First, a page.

Ok for flight time I got $$t_f = \frac{L}{v cos \theta}$$ as for velocities the x component is the same as the launch one i.e. $$v_{fx} = v cos \theta$$ and for the y component $$v_{fy} = v sin \theta - \frac{gL}{v cos \theta}$$

Right, so what is the impact angle from those?

The angle is then $$\theta_i = tan^{-1}\left( tan \theta - \frac{gL}{(v cos \theta)^2}\right)$$

loops496 said:
The angle is then $$\theta_i = tan^{-1}\left( tan \theta - \frac{gL}{(v cos \theta)^2}\right)$$
Yes, and that has to be equal to... ?

Obviously to $\frac{\pi}{4}$. And then should I take the derivative with respect to v and optimize??

loops496 said:
Obviously to $\frac{\pi}{4}$. And then should I take the derivative with respect to v and optimize??

Yes, but I suggest going back to your vfx, vfy equations. How can you express a 45 degree downward impact angle in terms of a relationship between those velocities?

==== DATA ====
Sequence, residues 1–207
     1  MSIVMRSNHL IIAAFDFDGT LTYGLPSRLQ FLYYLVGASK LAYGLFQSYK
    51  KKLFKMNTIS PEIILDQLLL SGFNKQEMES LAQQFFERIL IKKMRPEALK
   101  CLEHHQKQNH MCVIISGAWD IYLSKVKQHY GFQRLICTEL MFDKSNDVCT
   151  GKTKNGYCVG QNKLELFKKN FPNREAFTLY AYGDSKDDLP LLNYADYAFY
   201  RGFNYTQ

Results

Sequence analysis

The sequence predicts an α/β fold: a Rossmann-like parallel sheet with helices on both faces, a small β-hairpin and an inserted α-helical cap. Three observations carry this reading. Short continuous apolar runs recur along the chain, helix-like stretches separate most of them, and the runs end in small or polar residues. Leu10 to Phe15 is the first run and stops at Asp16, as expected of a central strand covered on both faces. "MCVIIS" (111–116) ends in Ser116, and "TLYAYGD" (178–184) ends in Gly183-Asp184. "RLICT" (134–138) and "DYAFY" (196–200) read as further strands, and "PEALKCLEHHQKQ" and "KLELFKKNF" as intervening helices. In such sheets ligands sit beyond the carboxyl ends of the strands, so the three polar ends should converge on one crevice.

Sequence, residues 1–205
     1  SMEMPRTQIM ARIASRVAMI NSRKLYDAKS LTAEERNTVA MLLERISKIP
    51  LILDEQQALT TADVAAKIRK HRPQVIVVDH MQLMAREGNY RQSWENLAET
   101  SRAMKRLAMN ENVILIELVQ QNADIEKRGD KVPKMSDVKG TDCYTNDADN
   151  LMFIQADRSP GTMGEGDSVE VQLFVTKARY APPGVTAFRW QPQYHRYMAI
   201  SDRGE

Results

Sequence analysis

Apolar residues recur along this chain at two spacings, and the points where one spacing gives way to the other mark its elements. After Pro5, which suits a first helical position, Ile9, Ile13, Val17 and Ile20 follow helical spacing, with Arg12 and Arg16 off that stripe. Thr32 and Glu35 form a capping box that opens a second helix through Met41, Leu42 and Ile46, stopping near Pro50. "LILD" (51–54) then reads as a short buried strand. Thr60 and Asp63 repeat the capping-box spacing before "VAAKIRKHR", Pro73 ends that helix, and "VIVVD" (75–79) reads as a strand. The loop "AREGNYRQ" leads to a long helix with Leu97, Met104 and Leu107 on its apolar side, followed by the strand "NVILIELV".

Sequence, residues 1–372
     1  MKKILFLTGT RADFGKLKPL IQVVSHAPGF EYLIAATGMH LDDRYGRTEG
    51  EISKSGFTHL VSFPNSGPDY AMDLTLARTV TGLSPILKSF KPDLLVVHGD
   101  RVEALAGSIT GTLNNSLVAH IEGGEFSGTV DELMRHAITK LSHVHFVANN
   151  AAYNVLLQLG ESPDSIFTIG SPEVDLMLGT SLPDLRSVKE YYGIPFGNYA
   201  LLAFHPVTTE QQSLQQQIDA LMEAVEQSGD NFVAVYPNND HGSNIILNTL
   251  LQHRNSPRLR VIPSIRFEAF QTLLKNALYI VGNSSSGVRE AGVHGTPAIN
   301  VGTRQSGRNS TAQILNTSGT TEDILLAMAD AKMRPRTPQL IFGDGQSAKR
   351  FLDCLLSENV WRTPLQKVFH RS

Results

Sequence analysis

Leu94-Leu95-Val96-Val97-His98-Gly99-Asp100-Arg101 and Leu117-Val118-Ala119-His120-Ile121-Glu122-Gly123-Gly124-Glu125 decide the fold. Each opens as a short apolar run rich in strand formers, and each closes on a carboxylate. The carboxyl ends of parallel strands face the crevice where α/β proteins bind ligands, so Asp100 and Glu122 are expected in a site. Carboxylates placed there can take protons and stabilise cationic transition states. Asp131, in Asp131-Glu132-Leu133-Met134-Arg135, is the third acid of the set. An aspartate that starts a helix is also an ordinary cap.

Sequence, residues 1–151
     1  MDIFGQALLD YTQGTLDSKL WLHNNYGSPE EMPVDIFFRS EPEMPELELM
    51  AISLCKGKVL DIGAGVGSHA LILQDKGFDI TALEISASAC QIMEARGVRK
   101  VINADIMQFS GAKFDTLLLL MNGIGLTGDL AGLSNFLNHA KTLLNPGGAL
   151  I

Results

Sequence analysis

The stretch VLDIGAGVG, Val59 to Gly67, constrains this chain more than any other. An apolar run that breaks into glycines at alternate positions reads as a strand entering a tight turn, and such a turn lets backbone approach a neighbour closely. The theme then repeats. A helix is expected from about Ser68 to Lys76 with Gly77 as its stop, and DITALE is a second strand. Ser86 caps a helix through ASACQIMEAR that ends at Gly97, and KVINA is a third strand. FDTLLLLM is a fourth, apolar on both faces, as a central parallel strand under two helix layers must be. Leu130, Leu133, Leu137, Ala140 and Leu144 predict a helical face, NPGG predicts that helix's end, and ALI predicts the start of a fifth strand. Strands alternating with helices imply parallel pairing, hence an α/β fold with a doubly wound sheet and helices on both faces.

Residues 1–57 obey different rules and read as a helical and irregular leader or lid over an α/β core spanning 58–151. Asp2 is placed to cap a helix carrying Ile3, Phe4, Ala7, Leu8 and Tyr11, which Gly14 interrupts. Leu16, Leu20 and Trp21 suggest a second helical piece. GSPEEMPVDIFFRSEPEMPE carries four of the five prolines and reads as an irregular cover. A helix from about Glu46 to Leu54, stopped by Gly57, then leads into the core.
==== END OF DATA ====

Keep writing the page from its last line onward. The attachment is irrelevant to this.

I think something like $$\frac{v_{fy}}{v_{fx}} = -1$$ should do it, right?

loops496 said:
I think something like $$\frac{v_{fy}}{v_{fx}} = -1$$ should do it, right?

Looks good.

That's some quality help you gave me, I appreciate it!

Many thanks,

M.

loops496 said:
That's some quality help you gave me, I appreciate it!

Many thanks,

M.

You're welcome. Thank you for an interesting problem.

## 1. What is the angle of maximum range for a projectile?

The angle of maximum range for a projectile is 45 degrees. This is because at this angle, the horizontal and vertical components of the velocity are equal, resulting in the longest possible range.